The new tax law expands 529 accounts, allowing parents to use the 529 funds to pay up to $10,000 per year, per student for K-12 private school costs. However, the law surrounding how each state is treating 529 withdrawals for private school is in flux, at least when it comes to state income taxes. Parents with children in private school should be move carefully when paying with 529 funds until each state has announced a clear plan. In addition to using 529 funds for private school, the new tax law offer new flexibility to parents of disabled children. The law allows parents to transfer funds between traditional 529 accounts and 529 ABLE accounts, which are designed to allow parents to pay for services for disabled adult children using 529 funds without interfering with the child's eligibility for benefits such as Medicaid. Again, the Wall Street Journal:

Transfers to 529 ABLE accounts: In another significant change, the overhaul also enables savers to transfer funds from 529 plans to 529 ABLE accounts. ABLE accounts are for people who become blind or disabled before age 26 and don’t limit the person’s access to Medicaid and Social Security income, or SSI benefits.

New Child Tax Credits Change Value of Child Tax Exemptions

Another area where the tax reform will have a major impact is on child tax exemptions/credits. As of right now, there is some serious confusion about how how child tax credits/exemptions work under the new tax bill. Various articles suggest that parents with zero taxable income can still receive a tax refund for claiming the credit, but it is complex and ambiguous:

So, in addition to the doubling of the Child Tax Credit amount, the tax reform bill also makes up to $1,400 of the credit amount refundable, while in previous years the Child Tax Credit was a nonrefundable credit (however, there was formerly an Additional Child Tax credit that effectively made the old Child Tax Credit refundable). In other words, even if a taxpayer has no tax liability whatsoever, he or she can get back $1,400 for each qualifying child starting with the 2018 tax year -- and this amount will be indexed for inflation in future years. However, the refundable portion of the credit is capped at 15% of your earned income in excess of $4,500. This effectively means that if your earned income is greater than $13,833, your refundable credit amount is only capped by the $1,400 limit, and if it is less, the refundable portion of the credit can be reduced.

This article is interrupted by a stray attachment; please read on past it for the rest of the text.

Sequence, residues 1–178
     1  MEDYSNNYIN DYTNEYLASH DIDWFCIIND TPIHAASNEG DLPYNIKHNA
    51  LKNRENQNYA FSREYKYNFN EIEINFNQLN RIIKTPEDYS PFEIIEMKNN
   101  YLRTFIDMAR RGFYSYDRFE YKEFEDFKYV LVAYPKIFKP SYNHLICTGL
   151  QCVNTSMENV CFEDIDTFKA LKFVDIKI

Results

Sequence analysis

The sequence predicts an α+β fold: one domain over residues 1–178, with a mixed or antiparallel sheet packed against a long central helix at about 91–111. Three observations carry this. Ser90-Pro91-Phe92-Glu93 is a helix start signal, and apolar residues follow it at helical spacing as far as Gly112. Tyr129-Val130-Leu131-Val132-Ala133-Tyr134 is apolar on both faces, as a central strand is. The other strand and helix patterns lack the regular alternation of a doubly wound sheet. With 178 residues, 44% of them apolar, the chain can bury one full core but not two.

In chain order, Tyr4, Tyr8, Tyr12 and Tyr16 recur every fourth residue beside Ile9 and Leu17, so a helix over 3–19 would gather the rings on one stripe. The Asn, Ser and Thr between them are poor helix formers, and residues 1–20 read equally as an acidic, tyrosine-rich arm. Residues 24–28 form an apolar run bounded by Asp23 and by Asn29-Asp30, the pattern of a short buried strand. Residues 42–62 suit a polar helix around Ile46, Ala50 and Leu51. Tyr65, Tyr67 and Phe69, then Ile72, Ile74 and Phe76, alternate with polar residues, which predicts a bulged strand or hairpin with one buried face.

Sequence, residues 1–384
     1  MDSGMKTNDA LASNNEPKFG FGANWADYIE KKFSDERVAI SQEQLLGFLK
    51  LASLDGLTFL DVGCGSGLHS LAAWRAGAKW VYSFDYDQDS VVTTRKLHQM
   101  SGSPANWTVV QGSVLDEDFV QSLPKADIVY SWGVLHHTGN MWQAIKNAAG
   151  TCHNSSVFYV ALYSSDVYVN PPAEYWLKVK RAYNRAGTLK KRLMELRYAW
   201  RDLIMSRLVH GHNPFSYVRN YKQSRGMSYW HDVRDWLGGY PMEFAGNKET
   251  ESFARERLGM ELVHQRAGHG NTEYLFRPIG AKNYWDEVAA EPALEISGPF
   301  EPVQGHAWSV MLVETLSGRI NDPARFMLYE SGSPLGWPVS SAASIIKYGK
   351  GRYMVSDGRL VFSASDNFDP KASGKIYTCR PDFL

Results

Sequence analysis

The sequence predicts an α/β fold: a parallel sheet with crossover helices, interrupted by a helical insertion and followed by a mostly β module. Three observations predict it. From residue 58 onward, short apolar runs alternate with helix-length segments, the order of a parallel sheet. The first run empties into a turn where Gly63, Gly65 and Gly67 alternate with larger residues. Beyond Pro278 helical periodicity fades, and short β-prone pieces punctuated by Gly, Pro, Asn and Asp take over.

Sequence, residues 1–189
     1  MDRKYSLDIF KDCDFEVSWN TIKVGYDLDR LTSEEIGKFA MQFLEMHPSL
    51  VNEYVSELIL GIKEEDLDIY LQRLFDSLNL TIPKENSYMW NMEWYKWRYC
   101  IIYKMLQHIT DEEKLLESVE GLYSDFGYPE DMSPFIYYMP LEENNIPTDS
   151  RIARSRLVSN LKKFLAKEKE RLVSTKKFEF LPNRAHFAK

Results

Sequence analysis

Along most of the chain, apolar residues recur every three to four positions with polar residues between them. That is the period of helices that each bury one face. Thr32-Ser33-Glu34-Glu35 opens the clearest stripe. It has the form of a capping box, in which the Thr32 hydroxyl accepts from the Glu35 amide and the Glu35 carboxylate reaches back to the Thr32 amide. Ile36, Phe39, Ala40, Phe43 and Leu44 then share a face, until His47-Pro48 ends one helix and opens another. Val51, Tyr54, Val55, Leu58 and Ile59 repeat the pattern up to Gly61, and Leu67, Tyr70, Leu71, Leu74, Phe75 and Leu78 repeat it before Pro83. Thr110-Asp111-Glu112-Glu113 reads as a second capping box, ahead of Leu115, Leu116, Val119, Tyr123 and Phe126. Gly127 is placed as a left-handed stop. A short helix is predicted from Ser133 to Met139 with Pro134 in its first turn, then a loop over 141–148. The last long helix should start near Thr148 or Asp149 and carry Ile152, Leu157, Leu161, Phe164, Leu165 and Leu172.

Forbes similarly struggles with translating the new law into real world outcomes for parents:

Let's do the math. Say your earned income is $10,000 and let's assume that you are entitled to the entire $2,000 credit. However, at that income level, you likely don't owe any tax. With a nonrefundable credit, that wouldn't mean anything to you. However, with the refundable piece of the credit, you can pocket up to $1,125 since $10,000 (your earned income)less $2,500 x 15% = $1,125.

In short, child tax exemptions/credits are a shifting landscape. By late-2018, we expect to have a lot more answers for how parents should approach child tax exemptions/credits under the new law.

Kimberley Keyes Contact Banner

Find a Divorce Mediator Who Understands the New Tax Law’s Implications

The new tax reform bill raises a variety of new questions divorcing parents. While a divorce mediator cannot act as an attorney or CPA for divorcing spouses, a tax-aware mediator can help divorcing spouses spot potential tax issues and identify resources and solutions for dealing with questions about divorce and taxes.

Kim is a divorce mediator for South Shore Divorce Mediation, located in Hingham, Massachusetts and East Sandwich, Massachusetts. She is also a Senior Associate Attorney for Lynch & Owens, P.C., where she specializes in divorce and family law issues. Kim is a statutory mediator under M.G.L. Ch. 233, s. 23Cand a proud member of the Massachusetts Council on Family Mediation. To read more from Kim Keyes, check out her author page on the Lynch & Owens Blog. Disclaimer: The information you obtain at this site is not, nor is it intended to be, legal advice. You should meet with an attorney for advice regarding your individual situation. You are invited to contact our office. Contacting the office does not create an attorney-client or mediator-client relationship. Please do not send any confidential information to the office until such time as an attorney-client or mediator-client relationship has been established. This blog is considered an advertisement for the Law Office of Lynch & Owens, P.C. d/b/a South Shore Divorce Mediation. The Massachusetts Rules of Professional Conduct broadly govern all advertisements and communications made by attorneys and law firms in the Commonwealth. Generally, legal websites and any other content published on the internet by lawyers are considered a type of communication and an advertisement, according to the Comments to Rule 7.2.